It seems that in the Bangladesh garment industry today, the only way to make a profit or a decent livelihood is to work more and more hours. Average work hours in apparel factories currently stand at 66-70 hours per week. However, during peak production periods, times when buyers increase their purchase orders due to seasonal demands in their countries, working hours can increase to 80-90 hours weekly.
Besides the effect on the life of the worker and their families, the factory suffers too. There is clear evidence that factories with excessive hours have the lowest worker retention rates. High turnover in personnel is costly. Every month, these factories have to hire dozens of new workers just to keep up with a full workforce and meet their production demands. Think of the time and cost implications in recruitment and training alone, not to mention the cost of terminating old work contracts.
Furthermore, study after study shows that after ten hours of work a day, productivity from a worker begins to significantly decrease. Look at the daily production records of garment factories worldwide and you will immediately notice that in the first half of the day the workers' output far exceeds what they can produce in the afternoon. Once evening comes, everyone is just wasting time.
Working excessive hours is also a violation of the Bangladesh Labour Act's hours work standards, and violates the spirit of the International Labour Organisation's hours of work conventions.
However, all of us who work in and with the industry know that tackling this problem is complicated.
To begin to address the issue and give people some well-deserved rest, requires an understanding of supply chain pressures on the factory, collaboration from top factory management, the buyers who source from these factories, and yes, the workers themselves.
The first step is to acknowledge that working more than ten hours a day is a problem, and that in Bangladesh the industry is trapped in a vicious cycle of trying to meet the demands of buyers who continue to demand shorter and shorter lead times and strict on time delivery standards.
This is further exacerbated by factory owners who feel the only way they can increase profits is by adding more and more production and by workers who have been conditioned to wages that can support their needs only if they work more hours.
Solving this problem requires collaboration between buyers who are sourcing from the factory and the factory itself. It cannot just be factory owner's responsibility alone. As long as buyers overload factories and make demands for short lead times that do not leave the factories any options the problem will persist.
Buyers need to look more closely at capacity before they put production into a facility. Many will say they do but when there are multiple buyers sourcing from a factory it is hard. You cannot see what orders other buyers have put in while factories are unwilling to say through the fear that they may lose orders.
Better methods are needed of keeping track of factory capacity. If for example, buyers know that if there is only room for 50,000 pieces but they need 100,000 then they would need to look elsewhere. Factory owners will understandably say that they will raise capacity to meet any order, but if that is the case, capacity needs to be built before and not after orders are placed.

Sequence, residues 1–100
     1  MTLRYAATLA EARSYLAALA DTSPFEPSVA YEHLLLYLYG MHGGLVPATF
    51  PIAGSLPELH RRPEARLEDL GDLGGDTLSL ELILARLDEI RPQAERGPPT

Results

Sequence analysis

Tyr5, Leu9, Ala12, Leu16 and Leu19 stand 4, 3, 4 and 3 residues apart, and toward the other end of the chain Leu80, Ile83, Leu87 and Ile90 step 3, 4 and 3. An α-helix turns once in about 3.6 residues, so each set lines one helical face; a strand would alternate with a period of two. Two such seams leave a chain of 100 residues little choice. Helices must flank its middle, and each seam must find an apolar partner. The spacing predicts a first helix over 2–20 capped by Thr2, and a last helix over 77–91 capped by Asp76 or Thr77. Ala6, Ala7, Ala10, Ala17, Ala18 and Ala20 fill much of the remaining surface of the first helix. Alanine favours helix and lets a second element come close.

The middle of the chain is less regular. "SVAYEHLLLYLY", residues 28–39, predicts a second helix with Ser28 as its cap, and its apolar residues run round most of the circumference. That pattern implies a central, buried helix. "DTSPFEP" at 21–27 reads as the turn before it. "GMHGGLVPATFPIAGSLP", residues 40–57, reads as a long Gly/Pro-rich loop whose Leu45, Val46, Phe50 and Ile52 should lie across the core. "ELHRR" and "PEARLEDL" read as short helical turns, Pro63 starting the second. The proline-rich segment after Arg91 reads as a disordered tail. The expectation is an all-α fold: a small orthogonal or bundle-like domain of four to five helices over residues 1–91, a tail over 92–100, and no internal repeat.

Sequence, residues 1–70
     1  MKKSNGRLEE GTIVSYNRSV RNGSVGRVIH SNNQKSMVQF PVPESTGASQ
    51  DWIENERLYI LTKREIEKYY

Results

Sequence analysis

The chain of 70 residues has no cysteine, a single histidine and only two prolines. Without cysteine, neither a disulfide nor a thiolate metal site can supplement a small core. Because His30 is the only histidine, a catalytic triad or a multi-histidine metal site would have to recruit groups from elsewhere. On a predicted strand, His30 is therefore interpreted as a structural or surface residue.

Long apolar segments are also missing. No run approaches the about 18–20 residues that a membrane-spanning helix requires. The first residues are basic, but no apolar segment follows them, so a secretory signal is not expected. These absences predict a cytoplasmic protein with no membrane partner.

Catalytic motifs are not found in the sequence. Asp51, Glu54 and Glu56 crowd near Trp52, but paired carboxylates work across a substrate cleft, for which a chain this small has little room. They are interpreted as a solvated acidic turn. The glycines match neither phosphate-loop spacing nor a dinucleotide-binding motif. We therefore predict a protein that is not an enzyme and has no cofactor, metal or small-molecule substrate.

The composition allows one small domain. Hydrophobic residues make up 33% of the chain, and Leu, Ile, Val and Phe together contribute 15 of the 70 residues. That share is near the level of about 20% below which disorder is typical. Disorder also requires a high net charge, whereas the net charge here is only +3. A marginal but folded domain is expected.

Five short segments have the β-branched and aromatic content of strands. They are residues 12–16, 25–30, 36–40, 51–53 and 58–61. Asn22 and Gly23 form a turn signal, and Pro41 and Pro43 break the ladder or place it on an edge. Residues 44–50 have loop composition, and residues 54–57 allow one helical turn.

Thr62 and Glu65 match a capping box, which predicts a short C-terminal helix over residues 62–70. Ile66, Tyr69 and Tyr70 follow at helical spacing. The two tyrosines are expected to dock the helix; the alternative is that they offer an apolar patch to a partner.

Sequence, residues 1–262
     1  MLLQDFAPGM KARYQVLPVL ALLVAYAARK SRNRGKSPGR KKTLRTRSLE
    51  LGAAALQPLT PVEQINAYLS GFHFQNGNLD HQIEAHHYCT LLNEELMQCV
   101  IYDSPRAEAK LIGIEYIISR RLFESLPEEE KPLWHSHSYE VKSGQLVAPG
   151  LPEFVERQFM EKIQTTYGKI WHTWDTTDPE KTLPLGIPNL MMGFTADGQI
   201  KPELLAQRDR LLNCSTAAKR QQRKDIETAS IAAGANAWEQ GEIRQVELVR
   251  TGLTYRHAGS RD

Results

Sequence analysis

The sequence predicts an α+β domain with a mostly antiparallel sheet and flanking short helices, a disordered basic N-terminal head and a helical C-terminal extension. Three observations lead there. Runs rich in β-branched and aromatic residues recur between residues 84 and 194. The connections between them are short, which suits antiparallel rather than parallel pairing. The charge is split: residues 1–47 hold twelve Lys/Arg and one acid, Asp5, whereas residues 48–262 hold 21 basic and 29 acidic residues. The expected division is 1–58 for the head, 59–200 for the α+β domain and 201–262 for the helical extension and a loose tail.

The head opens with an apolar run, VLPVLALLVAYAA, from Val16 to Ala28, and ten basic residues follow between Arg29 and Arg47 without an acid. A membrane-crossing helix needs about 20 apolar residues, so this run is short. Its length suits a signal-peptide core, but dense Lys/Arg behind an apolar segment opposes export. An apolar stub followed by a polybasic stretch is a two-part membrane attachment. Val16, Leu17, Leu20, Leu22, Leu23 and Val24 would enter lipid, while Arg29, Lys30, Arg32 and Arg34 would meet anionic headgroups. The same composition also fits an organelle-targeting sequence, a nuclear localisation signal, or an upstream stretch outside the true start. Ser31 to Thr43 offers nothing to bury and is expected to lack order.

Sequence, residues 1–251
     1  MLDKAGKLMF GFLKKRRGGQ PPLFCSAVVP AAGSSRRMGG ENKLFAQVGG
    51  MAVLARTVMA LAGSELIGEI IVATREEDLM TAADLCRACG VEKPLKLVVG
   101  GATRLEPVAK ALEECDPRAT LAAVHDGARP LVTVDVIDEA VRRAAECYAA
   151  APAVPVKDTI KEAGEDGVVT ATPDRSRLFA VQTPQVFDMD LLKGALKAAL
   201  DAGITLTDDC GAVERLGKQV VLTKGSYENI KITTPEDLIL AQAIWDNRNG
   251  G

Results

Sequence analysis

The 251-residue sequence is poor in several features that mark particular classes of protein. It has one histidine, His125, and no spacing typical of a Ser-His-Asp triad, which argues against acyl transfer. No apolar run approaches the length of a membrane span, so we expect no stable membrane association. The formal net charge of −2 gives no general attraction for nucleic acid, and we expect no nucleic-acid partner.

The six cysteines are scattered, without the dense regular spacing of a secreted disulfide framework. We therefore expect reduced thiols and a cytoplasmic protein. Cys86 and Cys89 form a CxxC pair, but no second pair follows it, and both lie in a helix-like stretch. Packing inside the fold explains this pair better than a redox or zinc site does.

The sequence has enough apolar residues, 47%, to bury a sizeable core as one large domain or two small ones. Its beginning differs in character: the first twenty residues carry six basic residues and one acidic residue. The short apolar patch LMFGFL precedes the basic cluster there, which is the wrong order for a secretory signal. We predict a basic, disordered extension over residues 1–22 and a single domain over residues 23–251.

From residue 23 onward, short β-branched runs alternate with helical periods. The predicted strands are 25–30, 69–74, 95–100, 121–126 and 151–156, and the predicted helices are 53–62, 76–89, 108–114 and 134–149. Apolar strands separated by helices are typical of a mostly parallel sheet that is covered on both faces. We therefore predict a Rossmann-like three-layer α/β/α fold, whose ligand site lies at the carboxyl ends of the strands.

Rather than looking at the total number of pieces a factory says it can produce buyers should consider how many minutes it takes to produce one piece. If a factory has a thousand workers and they work 48 hours a week then you know what the capacity will be and whether lead-times can be met without working all night.
Production efficiency should also be increased. Rather than simply piling on the hours, the skills of workers and middle management should be enhanced. Upgrading certain equipment can further boost capacity and output. Improving work processes such as line balancing, conducting loss time analysis, and improving HR systems will make a huge difference to the bottom line.
Business owners will often say that workers are demanding the overtime as they need the income and will quit if they do not get the hours. This may well be true, but in reality what workers are doing is not demanding more hours but higher wages.
The low cost of production is a major competitive advantage for the Bangladesh industry. Yet there is considerable discussion over whether the minimum wage is a living wage. Many say that if wages rise the industry will shrink however evidence worldwide points to the fact that raising wage levels does not lead to job losses.
Workers want higher incomes but they should seek to achieve this through negotiation and collective bargaining rather than working 80-90 hours a week. However, in order to get there, we need stronger social dialogue environments.
The labour inspectorate can of course seek to limit excessive hours. Yet aggressive enforcement is not always the answer. It may force factories to recognise that they could get into trouble but it is not the way forward. We need solutions which help the industry, not punish it.
Doing too many hours is no good. Buyers and factories must address this challenge together for it is an industry-wide issue that extends far beyond the factory walls.
The writer is the programme manager of the ILO/IFC Better Work Programme which seeks to enhance compliance in the garment sector while improving productivity. He can be contacted at firstname.lastname@example.org.